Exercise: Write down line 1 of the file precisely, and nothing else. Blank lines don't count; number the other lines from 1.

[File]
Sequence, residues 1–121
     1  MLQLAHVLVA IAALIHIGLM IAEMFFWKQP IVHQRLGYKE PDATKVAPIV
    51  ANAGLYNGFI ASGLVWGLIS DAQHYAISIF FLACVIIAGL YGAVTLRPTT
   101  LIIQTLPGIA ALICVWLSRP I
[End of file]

Sequence, residues 1–121